Do you give the leaders of this organization a social label that reflects their preeminent success at helping their organization move from good to great in safety? Do you use terms “first-rate,” “exceptional,” “superior,” “extraordinary,” “world-class,” “champion” or “premier” to refer to the low injury rate facilitated by the efforts of these individuals?
It’s certainly common to attach positive labels to people and organizations following their notable success. Such labels can be quite beneficial, activating a sense of competence and enhancing self-motivation. Social psychologists call this social labeling, and it occurs whenever an individual is assigned an attribute, attitude or belief. If the social label is desirable, the recipient wants to behave consistently with that label.
If the social label is undesirable, a person may actually perform undesirable behaviors in order to be consistent with a negative label, like being lazy, a poor reader, or an underachiever. Indeed, a negative label like “underachiever” could be used as an excuse to put less effort into achieving a personal or group goal.
In contrast, a positive label might activate and/or support desirable behaviors such as being energetic, conscientious, or reliable. However, some positive labels can actually do more harm than good.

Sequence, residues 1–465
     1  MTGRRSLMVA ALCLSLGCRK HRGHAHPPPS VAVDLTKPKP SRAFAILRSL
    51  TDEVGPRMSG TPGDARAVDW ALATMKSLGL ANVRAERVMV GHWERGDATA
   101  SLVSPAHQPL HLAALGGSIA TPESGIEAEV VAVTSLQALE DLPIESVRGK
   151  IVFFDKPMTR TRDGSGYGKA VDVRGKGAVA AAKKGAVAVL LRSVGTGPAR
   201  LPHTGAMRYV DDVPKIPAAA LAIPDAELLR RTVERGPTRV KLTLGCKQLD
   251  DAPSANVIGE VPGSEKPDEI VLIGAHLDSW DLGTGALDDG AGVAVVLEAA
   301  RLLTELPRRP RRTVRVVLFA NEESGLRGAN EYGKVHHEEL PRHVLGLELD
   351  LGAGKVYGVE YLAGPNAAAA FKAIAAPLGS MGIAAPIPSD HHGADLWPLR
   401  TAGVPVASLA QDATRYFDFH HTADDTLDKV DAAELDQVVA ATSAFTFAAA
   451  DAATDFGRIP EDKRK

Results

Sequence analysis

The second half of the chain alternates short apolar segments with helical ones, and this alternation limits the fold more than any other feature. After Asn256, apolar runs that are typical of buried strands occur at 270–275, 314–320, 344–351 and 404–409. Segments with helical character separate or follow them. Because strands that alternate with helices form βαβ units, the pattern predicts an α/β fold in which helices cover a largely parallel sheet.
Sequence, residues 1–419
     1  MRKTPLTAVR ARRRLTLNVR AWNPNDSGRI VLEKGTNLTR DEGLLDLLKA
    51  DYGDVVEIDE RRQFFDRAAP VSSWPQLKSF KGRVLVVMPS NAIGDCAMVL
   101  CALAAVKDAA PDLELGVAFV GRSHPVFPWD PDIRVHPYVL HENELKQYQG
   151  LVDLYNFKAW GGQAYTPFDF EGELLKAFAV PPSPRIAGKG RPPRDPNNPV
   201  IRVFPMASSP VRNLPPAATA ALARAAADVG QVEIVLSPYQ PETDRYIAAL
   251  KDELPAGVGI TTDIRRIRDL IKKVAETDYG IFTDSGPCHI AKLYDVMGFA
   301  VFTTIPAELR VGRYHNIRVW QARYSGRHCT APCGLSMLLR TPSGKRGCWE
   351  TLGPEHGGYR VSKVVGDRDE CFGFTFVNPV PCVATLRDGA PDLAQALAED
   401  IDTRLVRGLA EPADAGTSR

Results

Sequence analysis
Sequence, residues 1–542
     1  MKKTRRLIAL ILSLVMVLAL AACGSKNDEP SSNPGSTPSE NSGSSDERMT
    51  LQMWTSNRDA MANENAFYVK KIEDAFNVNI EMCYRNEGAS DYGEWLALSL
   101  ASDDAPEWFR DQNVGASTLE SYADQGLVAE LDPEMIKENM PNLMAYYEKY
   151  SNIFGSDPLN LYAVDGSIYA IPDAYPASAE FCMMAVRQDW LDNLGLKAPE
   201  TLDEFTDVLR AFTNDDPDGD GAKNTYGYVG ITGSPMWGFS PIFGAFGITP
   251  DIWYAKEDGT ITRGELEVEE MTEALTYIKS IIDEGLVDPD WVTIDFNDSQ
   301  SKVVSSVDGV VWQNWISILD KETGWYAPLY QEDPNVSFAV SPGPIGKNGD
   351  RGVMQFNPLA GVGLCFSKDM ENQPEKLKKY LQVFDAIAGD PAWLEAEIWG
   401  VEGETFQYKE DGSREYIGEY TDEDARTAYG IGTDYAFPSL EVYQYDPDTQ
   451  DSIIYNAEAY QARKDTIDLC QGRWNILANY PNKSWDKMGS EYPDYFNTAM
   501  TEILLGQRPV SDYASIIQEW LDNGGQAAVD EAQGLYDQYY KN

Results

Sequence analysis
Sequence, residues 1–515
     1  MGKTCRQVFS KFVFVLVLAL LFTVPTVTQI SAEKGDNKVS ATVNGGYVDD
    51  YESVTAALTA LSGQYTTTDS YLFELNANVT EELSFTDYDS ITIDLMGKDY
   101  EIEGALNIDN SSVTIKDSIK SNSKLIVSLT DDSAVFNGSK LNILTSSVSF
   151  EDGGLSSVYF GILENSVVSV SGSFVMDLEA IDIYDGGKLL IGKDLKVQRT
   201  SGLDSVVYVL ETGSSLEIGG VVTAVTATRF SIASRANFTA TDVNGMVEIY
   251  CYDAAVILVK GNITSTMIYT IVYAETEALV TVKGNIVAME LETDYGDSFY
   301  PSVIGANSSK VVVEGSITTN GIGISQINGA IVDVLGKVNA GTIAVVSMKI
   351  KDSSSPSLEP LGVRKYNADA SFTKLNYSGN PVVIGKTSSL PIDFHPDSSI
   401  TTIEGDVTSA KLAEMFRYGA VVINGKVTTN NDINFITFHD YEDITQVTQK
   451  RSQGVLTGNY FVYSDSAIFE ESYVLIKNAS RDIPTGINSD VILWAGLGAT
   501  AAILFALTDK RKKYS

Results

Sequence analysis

Seminal research on social labeling
Programmatic research by Carol Dweck1 indicates dramatic disadvantages of certain types of positive labels. She and her colleagues gave hundreds of early adolescents a set of ten fairly difficult problems from the nonverbal portion of an IQ test. Afterward, the researchers praised all participants individually for their performance on the test, but the nature of the praise was manipulated systematically. For half of the students, the praise was based on their ability. Specifically, they were told individually: “Wow, you got eight right. That’s a really good score. You must be smart at this” (p. 71).
The other students were praised individually with a positive social label for their effort with these specific words, “Wow, you got eight right. That’s a really good score. You must have worked really hard” (p. 71). While both of these groups scored equivalently on the IQ test, the researchers noted significant differences in these students’ behavior following their ability vs. effort label.
All of the students were given a choice to work on a challenging new task they could learn from. Most of those with the ability label rejected this opportunity, apparently because “they didn’t want to do anything that could expose their flaws and call into question their talent” (p.72.). In contrast, 90 percent of the students praised for their effort welcomed the opportunity to attempt a challenging new task from which they could learn.